• Description

Most foundations are engaged in the art of the possible. They invest in organizations and programs aimed at transforming current realities into better possibilities and in ideas that "push the envelope" in ways that test the edges of what could be. But few foundations are taking advantage of a proven tool for expanding the possible in their own grant making and mission effectiveness: data analysis. Analytic methods are routinely used and considered essential in nearly every other sector of the economy. In healthcare, retail and financial services, to name just a few hotbeds, analytics has dramatically affected what -- with a given amount of time and money -- is possible to measure, to manage, to learn, to change and to achieve. The foundation world -- which holds over USD $1.5 trillion in assets globally and $646.1 billion in the U.S. alone, with annual grant making of approximately $100 billion globally and $46.9 billion in the U.S. -- uses analytic methods to assess, select, monitor, and report on its capital market investments for the 95% of its corpus that generates revenue. These very same methods, with even the introduction of the most basic analytic techniques, will provide demonstrable gains for the remaining 5% of the corpus that is distributed for charitable purposes. Foundations can gain visibility into how resources are allocated across their organization, view grant distribution compared to per capita need and explore outcomes data... among many other uses. For grant making organizations, analytics are a key that can be used to unlock answers to vital questions such as:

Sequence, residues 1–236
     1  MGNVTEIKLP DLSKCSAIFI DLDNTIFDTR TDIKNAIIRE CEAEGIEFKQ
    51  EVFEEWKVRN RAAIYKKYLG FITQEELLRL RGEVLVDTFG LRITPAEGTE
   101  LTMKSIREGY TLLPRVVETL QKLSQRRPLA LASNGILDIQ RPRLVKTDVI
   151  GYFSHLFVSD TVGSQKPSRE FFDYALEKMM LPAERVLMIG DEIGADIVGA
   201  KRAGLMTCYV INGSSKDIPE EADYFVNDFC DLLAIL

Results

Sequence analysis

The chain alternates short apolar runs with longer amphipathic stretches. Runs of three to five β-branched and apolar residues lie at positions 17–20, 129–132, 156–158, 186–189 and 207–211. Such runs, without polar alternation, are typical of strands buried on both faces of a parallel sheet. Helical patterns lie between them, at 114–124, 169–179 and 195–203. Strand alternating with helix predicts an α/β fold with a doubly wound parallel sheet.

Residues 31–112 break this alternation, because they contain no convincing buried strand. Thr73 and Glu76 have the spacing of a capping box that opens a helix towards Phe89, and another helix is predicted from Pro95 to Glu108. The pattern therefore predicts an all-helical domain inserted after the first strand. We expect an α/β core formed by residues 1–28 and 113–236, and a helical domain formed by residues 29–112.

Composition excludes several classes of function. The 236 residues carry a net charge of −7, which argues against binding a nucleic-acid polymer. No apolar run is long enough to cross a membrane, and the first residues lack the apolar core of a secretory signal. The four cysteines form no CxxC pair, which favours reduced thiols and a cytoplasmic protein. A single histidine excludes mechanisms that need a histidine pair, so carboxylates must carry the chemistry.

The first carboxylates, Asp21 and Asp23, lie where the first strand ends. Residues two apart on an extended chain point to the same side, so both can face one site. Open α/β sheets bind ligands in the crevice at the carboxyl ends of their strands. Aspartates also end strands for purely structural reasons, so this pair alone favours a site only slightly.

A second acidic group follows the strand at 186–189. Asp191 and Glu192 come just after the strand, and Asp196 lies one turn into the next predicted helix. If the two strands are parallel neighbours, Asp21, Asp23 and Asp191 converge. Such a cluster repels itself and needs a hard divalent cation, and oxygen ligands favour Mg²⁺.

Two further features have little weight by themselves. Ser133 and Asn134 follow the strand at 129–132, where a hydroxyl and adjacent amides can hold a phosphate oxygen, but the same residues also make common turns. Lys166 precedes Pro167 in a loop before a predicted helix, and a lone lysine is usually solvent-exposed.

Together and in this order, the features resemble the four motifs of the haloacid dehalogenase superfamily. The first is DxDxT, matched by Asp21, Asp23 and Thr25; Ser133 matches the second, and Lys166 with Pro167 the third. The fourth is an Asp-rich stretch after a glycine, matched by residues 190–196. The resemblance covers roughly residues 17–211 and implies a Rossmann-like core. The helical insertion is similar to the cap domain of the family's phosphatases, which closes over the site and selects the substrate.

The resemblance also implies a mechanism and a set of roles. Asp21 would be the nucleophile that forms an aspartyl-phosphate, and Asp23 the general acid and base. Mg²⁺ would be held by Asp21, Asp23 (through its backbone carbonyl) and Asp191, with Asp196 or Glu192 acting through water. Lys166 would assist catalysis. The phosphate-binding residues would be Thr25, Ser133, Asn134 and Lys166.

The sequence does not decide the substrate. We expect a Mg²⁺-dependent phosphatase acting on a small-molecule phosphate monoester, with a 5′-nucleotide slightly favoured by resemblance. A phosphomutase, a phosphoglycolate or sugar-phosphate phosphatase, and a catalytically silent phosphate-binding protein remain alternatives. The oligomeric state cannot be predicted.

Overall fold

• How well does our grant making align with our strategy and stated tactics?
  • Which grantees produce the best outcomes in support of our mission and strategy?
  • Has this intervention strategy been tried before and, if so, how well did it work?
  • Does this strategy merit replication, and is there evidence that it can be replicated and/or scaled?
  • If we committed the same grant making budget differently, could we produce a greater impact?

Board members gain visibility into the execution of top-level strategies and timely enough operational feedback to actually refine their strategic plans and, therefore, better influence desired outcomes in alignment with their mission. Foundations leaders and senior managers gain insights into what is working and clear indicators of where improvements are needed. Program managers gain time-saving tools that simplify their work and help them steer toward grant making objectives. Data analysis also improves communication and coordination by helping all participants arrive at a clear and common understanding of what types of grants and/or investments are being deployed and how they are influencing outcomes. Moreover, improved transparency enables stakeholders and the community at large to better see what investments are accomplishing. This paper looks at some of these early achievements in Kuity's work with The California Endowment (TCE). It also discusses where the nonprofit sector is headed in the implementation of more advanced analytic methods that will yield even greater benefits.